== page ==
In 1929 Errett Lobban Cord, expanding his automotive empire, introduced a front-wheel drive automobile that he named after himself. The Cord L29 offered a distinctive, sporting appearance and great performance for its price. Unfortunately, when the stock market crashed shortly after the car’s introduction, so did the market for the L29. The Cord’s distinctive styling did, however, provide the basis for a new medium-priced front-wheel drive car, the 810.
The 810 was intended to restore Cord’s auto manufacturing operations to Read More
Flames, Flatheads, Fenders, Fatboys: the American hot rod has many manifestations. Each is the personal expression of its creator, which is both the charm and the attraction of the street rods. Some take T-buckets, some favor ’40 Fords, others prefer Plymouths or choose Chevys. The permutations and combinations are endless but the essence of the genre is high performance and individual expression.
The Deuce offered here is a beautiful example of the classic street rod. Built in the late Read More
In 1965 the nine-year reign of the “fuelie” Corvette came to an end. Only 771 cars with the L84 option were built in 1965, making it the lowest production year. It was the only year you could buy a fuel-injected, disc-braked Corvette.
This 1965 Glen Green model has traveled only 1,577 miles since new and is in original condition. It has to be one of the finest examples of an original vintage Corvette in existence.
The original owner bought a Read More
Today, the words “tuner car” conjures up images of an AMG or Renntech-equipped Mercedes. Or perhaps a Stillen-equipped SUV or a McLaren Mustang. But long before these high-impact, sophisticated cruisers existed, a group of dealer-based “tuners” were turning out supercars of a different sort. Baldwin-Motion, Dana, Nickey and Yenko were all Chevrolet dealers who sold modified bowtie products ready for the dragstrip, thinly disguised as streetable (and thereby finance-able, and in theory, insurable) cars.
When Chevrolet introduced Read More
Capturing the essence of the era’s themes, the ’57 Chevrolet Bel Air represented the pinnacle of ’50s automotive styling. Today, this model remains one of the single most recognized icons of the tall tail fins and excessive chrome age—a time when bigger meant better and there was not a doubt that America built the best cars on the planet.
Under the hood, technology master and horsepower guru Ed Cole worked magic developing Chevy’s small-block V8 engine. The original Read More
Stutz’s illustrious history on racetrack and road has become legendary among automotive enthusiasts. By entering a new and untried car in the first Indianapolis 500 race, brilliant engineer Harry C. Stutz, the car’s creator, immediately gained fame for the powerful new marque by placing it eleventh in the contest. For many years afterward, the Stutz would be known and promoted as the “Car That Made Good in a Day.”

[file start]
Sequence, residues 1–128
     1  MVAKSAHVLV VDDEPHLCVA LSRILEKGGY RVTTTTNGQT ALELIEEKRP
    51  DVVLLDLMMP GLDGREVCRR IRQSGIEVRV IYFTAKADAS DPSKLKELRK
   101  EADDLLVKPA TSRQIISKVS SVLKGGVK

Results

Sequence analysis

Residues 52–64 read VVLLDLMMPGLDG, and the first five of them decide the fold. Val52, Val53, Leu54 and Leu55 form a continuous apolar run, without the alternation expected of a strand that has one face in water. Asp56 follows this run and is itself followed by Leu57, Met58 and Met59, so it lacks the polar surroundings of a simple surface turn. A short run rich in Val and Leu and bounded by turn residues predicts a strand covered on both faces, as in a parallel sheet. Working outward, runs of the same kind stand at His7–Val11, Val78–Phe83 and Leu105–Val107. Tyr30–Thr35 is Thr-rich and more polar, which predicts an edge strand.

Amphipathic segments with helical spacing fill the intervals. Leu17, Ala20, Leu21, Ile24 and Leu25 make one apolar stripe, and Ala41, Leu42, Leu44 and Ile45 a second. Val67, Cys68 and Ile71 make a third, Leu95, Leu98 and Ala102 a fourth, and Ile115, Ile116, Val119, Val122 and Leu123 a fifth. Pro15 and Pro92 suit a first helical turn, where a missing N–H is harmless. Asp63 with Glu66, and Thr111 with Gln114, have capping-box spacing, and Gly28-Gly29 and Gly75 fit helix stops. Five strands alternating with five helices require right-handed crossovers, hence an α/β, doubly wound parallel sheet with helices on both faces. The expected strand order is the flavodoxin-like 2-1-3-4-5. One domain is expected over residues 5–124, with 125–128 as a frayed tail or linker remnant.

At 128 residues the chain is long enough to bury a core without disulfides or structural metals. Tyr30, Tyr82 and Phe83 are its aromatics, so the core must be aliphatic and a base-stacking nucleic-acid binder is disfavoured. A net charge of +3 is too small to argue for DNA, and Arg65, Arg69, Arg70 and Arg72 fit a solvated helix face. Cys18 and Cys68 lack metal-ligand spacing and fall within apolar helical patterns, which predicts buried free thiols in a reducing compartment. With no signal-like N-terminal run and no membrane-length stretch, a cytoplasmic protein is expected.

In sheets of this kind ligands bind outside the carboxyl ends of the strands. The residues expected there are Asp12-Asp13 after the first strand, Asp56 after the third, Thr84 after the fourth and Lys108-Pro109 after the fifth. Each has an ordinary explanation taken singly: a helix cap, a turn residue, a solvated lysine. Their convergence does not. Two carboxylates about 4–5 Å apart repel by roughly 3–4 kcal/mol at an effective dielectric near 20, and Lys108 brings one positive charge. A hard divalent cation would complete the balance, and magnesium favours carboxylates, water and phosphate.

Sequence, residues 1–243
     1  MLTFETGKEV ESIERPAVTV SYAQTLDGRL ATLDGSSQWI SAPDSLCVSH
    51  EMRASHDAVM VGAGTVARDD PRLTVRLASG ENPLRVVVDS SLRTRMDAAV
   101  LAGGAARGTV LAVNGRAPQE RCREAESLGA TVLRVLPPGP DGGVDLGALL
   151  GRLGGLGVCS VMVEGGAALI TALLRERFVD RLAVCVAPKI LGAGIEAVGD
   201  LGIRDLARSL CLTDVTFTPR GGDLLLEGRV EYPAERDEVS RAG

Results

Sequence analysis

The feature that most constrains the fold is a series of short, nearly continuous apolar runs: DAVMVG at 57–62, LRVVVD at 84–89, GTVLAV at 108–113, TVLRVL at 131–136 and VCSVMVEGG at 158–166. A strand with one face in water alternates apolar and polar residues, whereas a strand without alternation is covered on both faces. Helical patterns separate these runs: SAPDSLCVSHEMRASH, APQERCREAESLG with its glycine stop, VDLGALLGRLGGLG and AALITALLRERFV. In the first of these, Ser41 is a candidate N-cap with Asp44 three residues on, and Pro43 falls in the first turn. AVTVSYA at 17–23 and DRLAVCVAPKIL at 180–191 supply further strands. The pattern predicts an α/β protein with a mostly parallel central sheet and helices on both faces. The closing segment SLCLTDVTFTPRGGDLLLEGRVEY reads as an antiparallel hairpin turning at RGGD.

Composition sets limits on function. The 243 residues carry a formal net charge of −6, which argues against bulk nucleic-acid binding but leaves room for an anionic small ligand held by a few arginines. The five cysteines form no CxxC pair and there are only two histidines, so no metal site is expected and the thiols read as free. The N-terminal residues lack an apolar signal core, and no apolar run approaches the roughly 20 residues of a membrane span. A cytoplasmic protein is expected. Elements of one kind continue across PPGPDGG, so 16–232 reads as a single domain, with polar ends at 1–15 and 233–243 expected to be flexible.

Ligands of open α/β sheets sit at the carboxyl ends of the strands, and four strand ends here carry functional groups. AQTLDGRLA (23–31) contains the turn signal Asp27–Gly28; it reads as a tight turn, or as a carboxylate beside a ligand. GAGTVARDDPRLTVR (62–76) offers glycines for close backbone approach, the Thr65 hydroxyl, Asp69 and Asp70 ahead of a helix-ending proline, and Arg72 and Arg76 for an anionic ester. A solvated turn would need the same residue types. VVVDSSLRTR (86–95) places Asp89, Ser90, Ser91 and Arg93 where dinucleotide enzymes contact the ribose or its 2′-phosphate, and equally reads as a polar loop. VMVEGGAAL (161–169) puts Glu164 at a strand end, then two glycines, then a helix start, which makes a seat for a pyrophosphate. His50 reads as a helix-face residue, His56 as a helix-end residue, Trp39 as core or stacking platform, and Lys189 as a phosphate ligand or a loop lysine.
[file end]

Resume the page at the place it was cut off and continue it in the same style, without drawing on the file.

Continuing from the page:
Stutz’s racing and sales successes continued through World War Read More
“Scrape” began in January of 1993 when Terry Cook found a nearly complete 1939 Zephyr coupe in a barn in Farmington, Maine. It had been there for twenty-two years and was covered with pigeon droppings. Cook bought the car and delivered it to Rams Rod Shop where it spent 4½ years and 4,500 hours, cloaked in total secrecy, before emerging as this stunning custom car.
The frame and running gear are from a 1978 Chevy station wagon with a small Read More
1970 was the first year for the Dodge Challenger, Dodge’s response (along with the redesigned Plymouth Barracuda which was on a 2″ shorter wheelbase) to Ford’s Mustang and Cougar and GM’s Camaro and Firebird. Challenger’s body echoed the corporate family “Coke-bottle” shape, a lithe and purposeful look, distinctive from the competition. The chassis was a typical pony car with drum brakes, independent front suspension and a solid axle on leaf springs at the rear. The performance R/T package included Read More
Woodward Avenue, Detroit, Michigan, 1968—The Pontiac GTO and the Ford Mustang were about to receive a wake-up call. Adorned with the familiar cartoon decal, Plymouth’s new release took to the streets, ready to explain its creative moniker and unseen capabilities. Plymouth took the outright awesome power of the very expensive GTX, threw in some clever marketing, removed most of the costly trim and high-end standard equipment and created a sure-fire formula for a successful and unbeatable car that became Read More
America was sadly without a true sports car until Chevrolet introduced the Corvette at the 1953 Motorama show and started production that year. The early Corvettes were lower and sportier than any other domestic car on the market but they lacked the innovative technology necessary to break open the market. Starting in 1955, Corvettes carried a V8 engine which improved their performance but their styling badly needed updating.
In order for Chevy to combat the T-Bird Read More